Trinity LitFest Speakeasy

The Trinity Literary Festival never disappoints. This year, among other events, the line-up for the week consisted of a Joycean Evening at Sweny’s Pharmacy, one of the locations featured in Ulysses; a publishing symposium with a guest appearance from John Boyne, author of The Boy In The Striped Pyjamas; a Harry Potter-themed debate based on the fairly incendiary statement ‘This House Believes Harry Should Have Married Hermione’; an erotic writing workshop; and the Litfest Ball, a Fear and Loathing in Las Vegas-themed night at the Twisted Pepper (Hawaiian shirts were advised as dress-code).

There was certainly a lot to choose from. Among these innovative events, I was interested to see how the Wednesday night Litfest Speakeasy fared. The Speakeasy is the Literary Society’s much-loved regular open mic night, billed as a flagship event. Aspiring authors, poets, and songwriters are welcome, and participants can sign up to read works by authors dear to them or compositions of their own. Given the line-up of esoteric and wonderful events of Litfest 2014, it was difficult to predict whether the Speakeasy event would seem almost ‘too normal’ in comparison. But the Literary Society being the Literary Society and knowing their stuff, this happily wasn’t the case.

The Literary Society appears to be constantly evolving and its increased emphasis on the more modern and accessible aspects of literature has led to a growing connection with performance-based arts such as spoken word and slam poetry. It quickly became apparent that this Speakeasy would match the extravagant mood of the week.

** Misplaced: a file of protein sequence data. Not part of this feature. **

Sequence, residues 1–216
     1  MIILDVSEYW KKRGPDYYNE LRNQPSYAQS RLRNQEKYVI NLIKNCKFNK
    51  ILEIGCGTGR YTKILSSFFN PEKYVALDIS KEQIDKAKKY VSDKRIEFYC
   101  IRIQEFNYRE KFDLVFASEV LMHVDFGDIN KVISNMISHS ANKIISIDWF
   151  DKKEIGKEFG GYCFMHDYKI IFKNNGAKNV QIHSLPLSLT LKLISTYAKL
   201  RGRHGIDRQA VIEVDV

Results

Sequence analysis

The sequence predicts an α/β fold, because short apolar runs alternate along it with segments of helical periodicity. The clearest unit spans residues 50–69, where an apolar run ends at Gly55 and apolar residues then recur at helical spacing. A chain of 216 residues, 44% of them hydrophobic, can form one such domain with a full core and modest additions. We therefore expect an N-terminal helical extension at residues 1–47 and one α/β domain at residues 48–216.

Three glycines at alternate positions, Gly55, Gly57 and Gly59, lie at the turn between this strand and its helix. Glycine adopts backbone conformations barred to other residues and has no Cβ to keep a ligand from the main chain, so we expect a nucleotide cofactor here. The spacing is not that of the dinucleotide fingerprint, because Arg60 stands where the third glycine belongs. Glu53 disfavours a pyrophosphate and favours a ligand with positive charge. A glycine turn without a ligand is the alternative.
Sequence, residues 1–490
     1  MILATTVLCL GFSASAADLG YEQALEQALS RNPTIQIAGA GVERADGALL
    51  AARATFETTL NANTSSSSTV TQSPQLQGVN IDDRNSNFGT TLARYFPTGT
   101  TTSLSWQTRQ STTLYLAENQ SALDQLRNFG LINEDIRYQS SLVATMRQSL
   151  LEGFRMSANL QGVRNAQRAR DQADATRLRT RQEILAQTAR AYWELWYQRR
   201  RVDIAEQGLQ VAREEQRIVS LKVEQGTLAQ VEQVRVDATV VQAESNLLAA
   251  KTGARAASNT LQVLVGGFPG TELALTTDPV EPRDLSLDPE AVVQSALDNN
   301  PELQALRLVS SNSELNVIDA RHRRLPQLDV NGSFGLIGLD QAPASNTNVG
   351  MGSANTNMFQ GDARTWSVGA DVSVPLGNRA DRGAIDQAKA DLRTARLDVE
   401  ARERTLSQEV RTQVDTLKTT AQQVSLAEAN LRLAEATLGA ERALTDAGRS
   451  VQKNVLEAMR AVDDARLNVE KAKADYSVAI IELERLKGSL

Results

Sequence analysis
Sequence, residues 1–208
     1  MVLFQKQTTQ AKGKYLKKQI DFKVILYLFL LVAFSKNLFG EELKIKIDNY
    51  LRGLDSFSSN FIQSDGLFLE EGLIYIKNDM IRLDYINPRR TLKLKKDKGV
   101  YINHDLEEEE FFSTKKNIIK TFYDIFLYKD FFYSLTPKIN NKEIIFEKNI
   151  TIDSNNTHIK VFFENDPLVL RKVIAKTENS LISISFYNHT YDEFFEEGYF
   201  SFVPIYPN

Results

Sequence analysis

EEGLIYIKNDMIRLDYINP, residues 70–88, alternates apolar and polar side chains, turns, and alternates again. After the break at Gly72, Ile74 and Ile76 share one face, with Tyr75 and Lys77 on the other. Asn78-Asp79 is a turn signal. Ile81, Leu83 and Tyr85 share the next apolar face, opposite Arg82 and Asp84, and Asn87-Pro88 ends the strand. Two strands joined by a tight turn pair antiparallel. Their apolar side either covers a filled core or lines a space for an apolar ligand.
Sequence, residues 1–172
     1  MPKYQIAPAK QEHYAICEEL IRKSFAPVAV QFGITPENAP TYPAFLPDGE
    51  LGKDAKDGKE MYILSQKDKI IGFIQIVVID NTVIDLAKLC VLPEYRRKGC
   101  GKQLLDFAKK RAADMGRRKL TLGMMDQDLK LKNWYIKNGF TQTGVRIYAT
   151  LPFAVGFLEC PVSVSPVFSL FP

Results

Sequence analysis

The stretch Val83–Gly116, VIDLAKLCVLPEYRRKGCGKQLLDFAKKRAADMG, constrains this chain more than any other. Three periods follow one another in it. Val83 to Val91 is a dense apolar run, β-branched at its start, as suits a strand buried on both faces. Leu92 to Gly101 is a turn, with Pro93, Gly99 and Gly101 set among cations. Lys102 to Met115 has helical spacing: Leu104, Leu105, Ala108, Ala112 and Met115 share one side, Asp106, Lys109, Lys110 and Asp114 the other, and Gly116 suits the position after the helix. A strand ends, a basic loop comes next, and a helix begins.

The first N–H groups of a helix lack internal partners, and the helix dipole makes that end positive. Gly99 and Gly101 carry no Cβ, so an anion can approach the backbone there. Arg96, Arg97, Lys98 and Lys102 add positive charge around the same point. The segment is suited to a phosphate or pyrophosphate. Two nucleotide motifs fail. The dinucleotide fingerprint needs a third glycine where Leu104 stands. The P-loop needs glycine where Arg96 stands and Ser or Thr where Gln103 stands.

The night was held in the basement of Pacino’s, the bar and restaurant on Suffolk Street. This meant that the location was conveniently close to Trinity, at the same time offering a change from the usual pub venues of society events. The turn-out was impressive in terms of the quantity and variety of acts. Recitals of Tennyson rubbed shoulders with Mandarin poetry. This healthy mix of the traditional and the contemporary made it evident that despite its modern slant, the Literary Society still fosters a love of the canonical greats. Also encouraging was the mix of Trinity and non-Trinity attendees, suggesting that such events have gained a wider audience.

This is of course, not to mention the guest speakers. With appearances from John Cummins and Paul Curran, the college event borrowed elements of the wider Dublin performance scene. Paul Curran, a spoken word artist who has recently released an EP, played a captivating set that fused slam poetry, autobiography, and vivid urban storytelling. John Cummins, the current All-Ireland slam poetry champion, gave a memorable performance to finish the night. His style is unique, using catchy refrains and eccentric rhymes, fantastical made-up words and odes to tea. Both poets ensured that it was a very special and memorable evening.

The Speakeasy kept up the standard of the week, adding a special twist to the well-loved flagship event.

 Alicia Byrne Keane


One thought on “Trinity LitFest Speakeasy

  1. Pingback: Trinity Litfest Review | alicia byrne keane: slam poems, literary reviews, other stuff

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